50 Years of Church-State Separation in Public Schools: An Interview with First Amendment Champion Ellery Schempp

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This week marks the 50th anniversary of the U.S. Supreme Court decision that ended school-sponsored Bible readings in public schools. Abington School District v. Schempp successfully challenged a Pennsylvania law that required a daily reading of the Bible in public schools. The 8-1 ruling in the case, which was combined with a similar challenge by Madalyn Murray O'Hair and the Baltimore, Maryland, public schools, is one of many in a continuing battle to support the church-state separation principle in our Constitution.


Ellery Schempp, the high school student whose parents brought the original case on his behalf, continues to be an activist for church-state separation. In 2012, he showed up to support Jessica Ahlquist in her successful court fight to remove a prayer banner from her Cranston, Rhode Island, high school. (You can hear an interview with him on a 2012 episode of the AHA’s podcast, The Humanist Hour, here.) He also speaks regularly to humanist and secular groups across the country. He wrote an article for HNN last year for the 50th anniversary of another important church-separation case, Engel v. Vitale, a Supreme Court decision that ended school-sponsored prayers in public schools.

We caught up with Schempp during his current travels marking the 50th anniversary of the ruling in his case, and he was kind enough to answer a few questions for us.


HNN: From what you've seen since the 1963 court decision, including recent developments in the area of church-state separation, are you optimistic about our future?

Schempp: We know that the U.S. has gone through periods of religious fervor in the past, the "Great Awakenings" as described by historians. They waxed and waned. The present fervor will wane, too. The good signs are that many Americans have become skeptical of organized religion, and that some 20% of us now are open about being non-believers, non-theists, atheists, humanists; and more who come from non-Christian traditions. 

Written By: Brian Magee
continue to source article at americanhumanist.org

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  1. Great idea – dethrone the bible by showing the multiple versions, mistranslations, and scriptures from other religions etc.

    Something similar applies to some Muslims here. Many Aussies are of Indonesian family background were required to memorise scriptural passages in school. But it’s traditionally recited in Arabic which hardly anyone in Indonesia actually speaks. Implications might be that passionate believers could be less than entirely confident about exactly what it is they are believing in. May help to tone down the risk fundamentalism.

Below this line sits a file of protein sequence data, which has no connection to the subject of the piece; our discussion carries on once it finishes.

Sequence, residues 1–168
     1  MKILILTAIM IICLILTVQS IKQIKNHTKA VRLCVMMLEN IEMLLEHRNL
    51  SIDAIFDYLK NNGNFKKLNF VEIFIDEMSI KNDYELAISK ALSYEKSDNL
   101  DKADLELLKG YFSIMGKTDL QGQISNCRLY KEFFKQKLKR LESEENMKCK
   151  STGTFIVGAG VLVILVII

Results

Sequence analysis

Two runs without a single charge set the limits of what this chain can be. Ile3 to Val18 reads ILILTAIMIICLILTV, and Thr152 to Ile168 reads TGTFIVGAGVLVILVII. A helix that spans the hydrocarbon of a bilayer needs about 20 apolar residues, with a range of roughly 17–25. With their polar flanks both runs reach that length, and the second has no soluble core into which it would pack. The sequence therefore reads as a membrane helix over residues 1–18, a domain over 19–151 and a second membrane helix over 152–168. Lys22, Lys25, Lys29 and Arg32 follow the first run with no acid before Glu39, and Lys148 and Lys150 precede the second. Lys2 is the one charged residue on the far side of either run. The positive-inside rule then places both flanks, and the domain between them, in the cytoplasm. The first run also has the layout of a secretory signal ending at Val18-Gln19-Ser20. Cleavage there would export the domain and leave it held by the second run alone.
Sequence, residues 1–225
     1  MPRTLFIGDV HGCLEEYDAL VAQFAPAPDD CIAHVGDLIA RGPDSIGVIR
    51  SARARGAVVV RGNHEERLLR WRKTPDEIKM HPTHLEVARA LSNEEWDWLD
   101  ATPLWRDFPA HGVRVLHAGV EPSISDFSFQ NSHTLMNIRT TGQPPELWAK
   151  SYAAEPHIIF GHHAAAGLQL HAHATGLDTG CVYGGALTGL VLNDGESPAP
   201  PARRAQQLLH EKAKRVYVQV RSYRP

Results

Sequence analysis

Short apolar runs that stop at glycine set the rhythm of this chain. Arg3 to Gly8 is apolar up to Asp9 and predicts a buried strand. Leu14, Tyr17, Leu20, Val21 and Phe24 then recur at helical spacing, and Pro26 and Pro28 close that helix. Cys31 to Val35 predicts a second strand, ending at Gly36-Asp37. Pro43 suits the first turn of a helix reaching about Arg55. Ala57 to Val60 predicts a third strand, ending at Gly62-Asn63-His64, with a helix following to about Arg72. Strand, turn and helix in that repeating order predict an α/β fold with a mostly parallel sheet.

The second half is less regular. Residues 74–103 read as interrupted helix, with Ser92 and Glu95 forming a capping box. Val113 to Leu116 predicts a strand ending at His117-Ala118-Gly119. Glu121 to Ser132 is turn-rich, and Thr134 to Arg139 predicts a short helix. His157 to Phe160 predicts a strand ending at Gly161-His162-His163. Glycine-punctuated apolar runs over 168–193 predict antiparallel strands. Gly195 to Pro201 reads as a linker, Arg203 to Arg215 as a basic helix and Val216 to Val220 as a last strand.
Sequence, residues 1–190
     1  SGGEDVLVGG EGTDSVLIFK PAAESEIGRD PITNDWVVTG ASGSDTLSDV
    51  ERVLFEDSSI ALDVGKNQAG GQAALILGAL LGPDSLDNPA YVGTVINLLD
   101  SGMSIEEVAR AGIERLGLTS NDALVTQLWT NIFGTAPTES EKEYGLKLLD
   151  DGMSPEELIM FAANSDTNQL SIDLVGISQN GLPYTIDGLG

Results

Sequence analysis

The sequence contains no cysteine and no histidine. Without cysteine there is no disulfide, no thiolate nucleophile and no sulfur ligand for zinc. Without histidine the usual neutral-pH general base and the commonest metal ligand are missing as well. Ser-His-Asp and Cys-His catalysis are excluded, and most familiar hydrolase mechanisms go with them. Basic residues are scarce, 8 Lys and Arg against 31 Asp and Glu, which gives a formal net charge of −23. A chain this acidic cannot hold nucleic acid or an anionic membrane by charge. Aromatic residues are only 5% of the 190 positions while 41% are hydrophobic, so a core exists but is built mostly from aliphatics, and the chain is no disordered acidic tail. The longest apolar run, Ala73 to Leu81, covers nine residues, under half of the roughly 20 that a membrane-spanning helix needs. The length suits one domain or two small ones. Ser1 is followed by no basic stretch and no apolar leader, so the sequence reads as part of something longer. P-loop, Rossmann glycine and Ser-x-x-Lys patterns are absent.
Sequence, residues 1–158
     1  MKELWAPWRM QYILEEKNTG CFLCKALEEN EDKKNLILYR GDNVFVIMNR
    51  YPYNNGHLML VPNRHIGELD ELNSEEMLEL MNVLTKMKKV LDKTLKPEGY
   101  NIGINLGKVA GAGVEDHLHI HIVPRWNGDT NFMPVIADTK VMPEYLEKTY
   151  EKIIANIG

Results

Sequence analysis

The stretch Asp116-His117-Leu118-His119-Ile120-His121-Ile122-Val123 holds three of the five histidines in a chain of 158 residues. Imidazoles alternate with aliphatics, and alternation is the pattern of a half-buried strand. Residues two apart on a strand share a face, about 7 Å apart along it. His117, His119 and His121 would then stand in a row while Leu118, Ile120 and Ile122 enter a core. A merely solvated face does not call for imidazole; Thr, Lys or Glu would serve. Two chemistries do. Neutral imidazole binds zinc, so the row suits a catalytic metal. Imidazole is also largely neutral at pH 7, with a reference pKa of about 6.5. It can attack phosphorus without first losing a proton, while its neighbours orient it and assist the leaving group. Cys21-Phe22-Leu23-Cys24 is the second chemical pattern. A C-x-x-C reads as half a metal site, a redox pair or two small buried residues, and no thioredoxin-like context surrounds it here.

Other aspects of public schooling are on the way to a dethroning. Next step from state – church separation in public schools would be state – school separation. Kids already can’t really study public affairs, government, and society etc. owing to the extraordinary extent of dishonesty, unethical behaviour, and corruption displayed by senior politicians and public officials. It’s only a matter of time before increasingly complex HSE regulations prevent young children in school grounds from being exposed to contact with high risk individuals, including religious or political leaders.

    If the department of education micromanagement is separated from public schools then schools might no longer being compelled to impose compulsory English and scripture classes – allowing more resources for science education. Perhaps by recruiting actual scientists as teachers, instead of leaving science classes to those deemed inadequate for teaching English or scripture.

  2. Pete H: . “Next step from state – church separation in public schools would be state – school separation.”

    I’d be wary of state-school separation, if only because it would undermine church-school separation that is a by product of the state-church separation and the state-funded education model. In the UK at least, a national curriculum imposed by the department of education is what prevents (or until recently prevented) the flourishing of faith schools. I mean we still have faith schools, but they’re strictly governed in what they can teach. Take down the state-school relationship and we’ll see countless ‘Christian Academies’ poping up like in the US.

    And I’m not sure why you’re linking English with Scripture. The former is important for higher level communication, the other is superfluous and actually prevented by the state-school relationship you seem to want abolished.

  3. This was an eye opener. If a school board or city council want to put prayers into school or town council meetings, why does it always have to go through a long-winded court battle, time and again, to get them to stop? Why are schools and councils all over the country still doing it? Is it because the worst that can happen to them is that they have to stop proselytizing?

    If the landmark case was decided in law 50 years ago, and they are in blatant, intentional breach of it, why can’t they be arrested on the spot and charged with maladministration at the very least? Why do we have to keep fighting the same legal battle if it was won 50 years ago?

    • In reply to #3 by Dave H:

      This was an eye opener. If a school board or city council want to put prayers into school or town council meetings, why does it always have to go through a long-winded court battle, time and again, to get them to stop? Why are schools and councils all over the country still doing it? Is it because t…

      Its because a large number of electors are religious fanatics and politicians can’t be elected without their support

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